Health officials in Kenya say reducing the transmission of HIV among gay men is a central part of their national AIDS strategy. But they face serious challenges, including the fact that homosexuality is still a crime in the East African nation.
HIV rates among gay and bisexual men in Kenya are far higher than the national average.
Mutisiya Leonard, who runs an HIV prevention, treatment and support program for men who have sex with men in northwestern Kenya, says homosexuality is so stigmatized in Africa that many men don’t want to refer to themselves as gay. This makes reaching them with safe-sex messages and HIV-prevention campaigns difficult. These men are reluctant to seek medical care for sexually transmitted diseases, he says, and they don’t want to get tested for HIV.
Nationwide, roughly 6 percent of adults in Kenya are infected with HIV. But the rate among men who have gay sex is more than three times the national average. Among male prostitutes in the capital, Nairobi, 41 percent are infected.
In order to address HIV in any community, health workers need to be able to get people to talk frankly and honestly about their sex lives. But Leonard says gay men in Kenya face stigma, discrimination, violence and even jail if they come out of the closet. “The fear of the law, the fear of arrest makes it difficult for people to be open about it,” he says.
Health Repercussions Of Social Stigma
Compared to other African nations, Kenya is actually fairly accepting of homosexuality. Across the border in Uganda, there’s legislation pending to execute homosexuals.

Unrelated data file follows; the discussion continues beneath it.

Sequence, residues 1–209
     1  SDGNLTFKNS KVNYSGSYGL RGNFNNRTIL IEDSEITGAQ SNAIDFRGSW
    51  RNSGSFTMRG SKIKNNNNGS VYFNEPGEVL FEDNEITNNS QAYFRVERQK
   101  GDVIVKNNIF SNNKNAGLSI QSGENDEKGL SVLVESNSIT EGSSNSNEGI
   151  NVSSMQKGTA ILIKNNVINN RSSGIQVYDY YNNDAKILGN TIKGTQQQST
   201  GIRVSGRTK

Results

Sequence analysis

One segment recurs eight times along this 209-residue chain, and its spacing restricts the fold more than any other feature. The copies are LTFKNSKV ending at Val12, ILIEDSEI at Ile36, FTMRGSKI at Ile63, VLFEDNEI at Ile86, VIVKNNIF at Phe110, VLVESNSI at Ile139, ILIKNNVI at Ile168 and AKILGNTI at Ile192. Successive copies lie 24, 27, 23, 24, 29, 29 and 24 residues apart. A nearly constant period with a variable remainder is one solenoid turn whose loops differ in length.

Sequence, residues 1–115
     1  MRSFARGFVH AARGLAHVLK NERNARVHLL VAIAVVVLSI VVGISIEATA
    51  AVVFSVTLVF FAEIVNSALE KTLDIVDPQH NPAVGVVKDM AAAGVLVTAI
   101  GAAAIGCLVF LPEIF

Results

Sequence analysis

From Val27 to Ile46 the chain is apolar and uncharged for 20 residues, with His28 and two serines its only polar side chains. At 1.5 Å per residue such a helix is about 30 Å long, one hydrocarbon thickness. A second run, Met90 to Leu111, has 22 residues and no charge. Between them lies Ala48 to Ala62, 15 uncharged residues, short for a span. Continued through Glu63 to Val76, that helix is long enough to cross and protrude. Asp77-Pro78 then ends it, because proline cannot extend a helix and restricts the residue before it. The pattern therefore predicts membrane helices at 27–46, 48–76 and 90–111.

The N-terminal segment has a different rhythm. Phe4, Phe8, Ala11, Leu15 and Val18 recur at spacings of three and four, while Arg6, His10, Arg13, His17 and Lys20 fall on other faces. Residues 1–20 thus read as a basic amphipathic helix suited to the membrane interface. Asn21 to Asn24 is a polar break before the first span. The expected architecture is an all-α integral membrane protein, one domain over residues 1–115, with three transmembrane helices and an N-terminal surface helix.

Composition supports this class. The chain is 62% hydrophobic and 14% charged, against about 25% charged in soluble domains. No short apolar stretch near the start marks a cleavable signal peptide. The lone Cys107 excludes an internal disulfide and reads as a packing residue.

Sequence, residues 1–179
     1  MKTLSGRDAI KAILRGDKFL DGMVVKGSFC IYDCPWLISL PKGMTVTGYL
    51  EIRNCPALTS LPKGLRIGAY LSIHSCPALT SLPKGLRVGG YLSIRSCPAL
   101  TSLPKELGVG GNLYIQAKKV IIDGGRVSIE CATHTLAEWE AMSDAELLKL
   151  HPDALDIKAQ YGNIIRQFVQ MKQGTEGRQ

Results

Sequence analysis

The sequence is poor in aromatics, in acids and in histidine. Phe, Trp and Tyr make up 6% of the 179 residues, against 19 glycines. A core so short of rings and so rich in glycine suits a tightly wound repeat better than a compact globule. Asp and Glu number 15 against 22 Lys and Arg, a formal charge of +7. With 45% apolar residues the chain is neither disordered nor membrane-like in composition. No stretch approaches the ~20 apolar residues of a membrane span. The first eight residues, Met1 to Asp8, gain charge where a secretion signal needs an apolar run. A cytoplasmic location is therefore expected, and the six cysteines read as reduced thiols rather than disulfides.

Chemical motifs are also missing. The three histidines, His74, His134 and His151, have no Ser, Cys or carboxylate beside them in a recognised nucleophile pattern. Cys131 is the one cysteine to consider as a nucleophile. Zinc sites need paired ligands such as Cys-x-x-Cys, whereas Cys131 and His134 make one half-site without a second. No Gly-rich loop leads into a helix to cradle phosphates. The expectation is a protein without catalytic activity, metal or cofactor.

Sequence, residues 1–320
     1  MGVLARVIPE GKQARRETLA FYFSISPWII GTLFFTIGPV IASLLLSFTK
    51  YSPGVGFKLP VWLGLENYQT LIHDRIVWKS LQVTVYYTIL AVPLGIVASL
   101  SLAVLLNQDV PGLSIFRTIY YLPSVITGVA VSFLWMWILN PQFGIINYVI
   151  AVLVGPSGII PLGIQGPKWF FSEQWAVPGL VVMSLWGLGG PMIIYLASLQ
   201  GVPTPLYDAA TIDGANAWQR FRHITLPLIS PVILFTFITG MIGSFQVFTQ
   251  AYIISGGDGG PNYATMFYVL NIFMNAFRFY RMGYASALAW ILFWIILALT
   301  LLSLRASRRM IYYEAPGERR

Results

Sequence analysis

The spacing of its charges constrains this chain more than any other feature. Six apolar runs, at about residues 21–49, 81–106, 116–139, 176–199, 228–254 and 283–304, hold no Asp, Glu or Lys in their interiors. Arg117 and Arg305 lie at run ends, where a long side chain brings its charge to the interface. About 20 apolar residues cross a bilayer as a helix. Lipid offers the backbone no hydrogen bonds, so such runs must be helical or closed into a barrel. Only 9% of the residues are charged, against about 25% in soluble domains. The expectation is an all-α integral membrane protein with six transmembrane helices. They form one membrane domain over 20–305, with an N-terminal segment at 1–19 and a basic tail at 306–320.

Yet in Kenya, there still haven’t been large-scale safe-sex campaigns or HIV-testing drives aimed at the gay community. It can be a bit overwhelming being gay in Africa, Leonard says, “because you don’t have the information, you don’t have the support, you don’t have the networks. And so many people live private and — for lack of a better word — reckless lives.”
The stigma toward homosexuality creates a broader health problem, as gay men maintain heterosexual relationships to fit in in society.
Leonard says many men hide in marriages and cover up their secret lives with girlfriends.
“When they’re mobile, they could have a Nairobi boyfriend and a Mombasa boyfriend and a Kisumu boyfriend and girlfriends in each of those towns to cover it up,” he says. “So multiple concurrent partnerships increase their risk and vulnerability.”
Leonard’s center is called KIPE, which stands for the Kisumu Initiative for Positive Empowerment. A skeleton staff at KIPE offers screening for HIV and other sexually transmitted infections. They provide counseling, particularly to men who’ve just learned they’re HIV positive.
And they urge safe sex — which Leonard says is a constant challenge. “At least with the gay community we work with,” he says, “love appears to be the biggest barrier to condom use. ‘I love you, I trust you, so I don’t need to use a condom.’ ”
‘If You Are Gay, You Are Alone In The World’
KIPE is more than just a counseling center or a health clinic. On Sundays the organization hosts a church service in the compound. There’s a karaoke night. On weekday afternoons an instructor gives tae kwan do lessons, “so we can try to protect ourselves if attacked,” one man says.
Benard Ouma says KIPE is an oasis for gay men in Kisumu. “Because for a long time you’d feel if you are gay, you are alone in the world, you’d feel no one will accept you.”
And Leonard, who runs the place, says this is a key element in addressing HIV in this community.
If people feel ostracized and depressed, he says, it’s hard to get them to think about protecting themselves or their partners from HIV.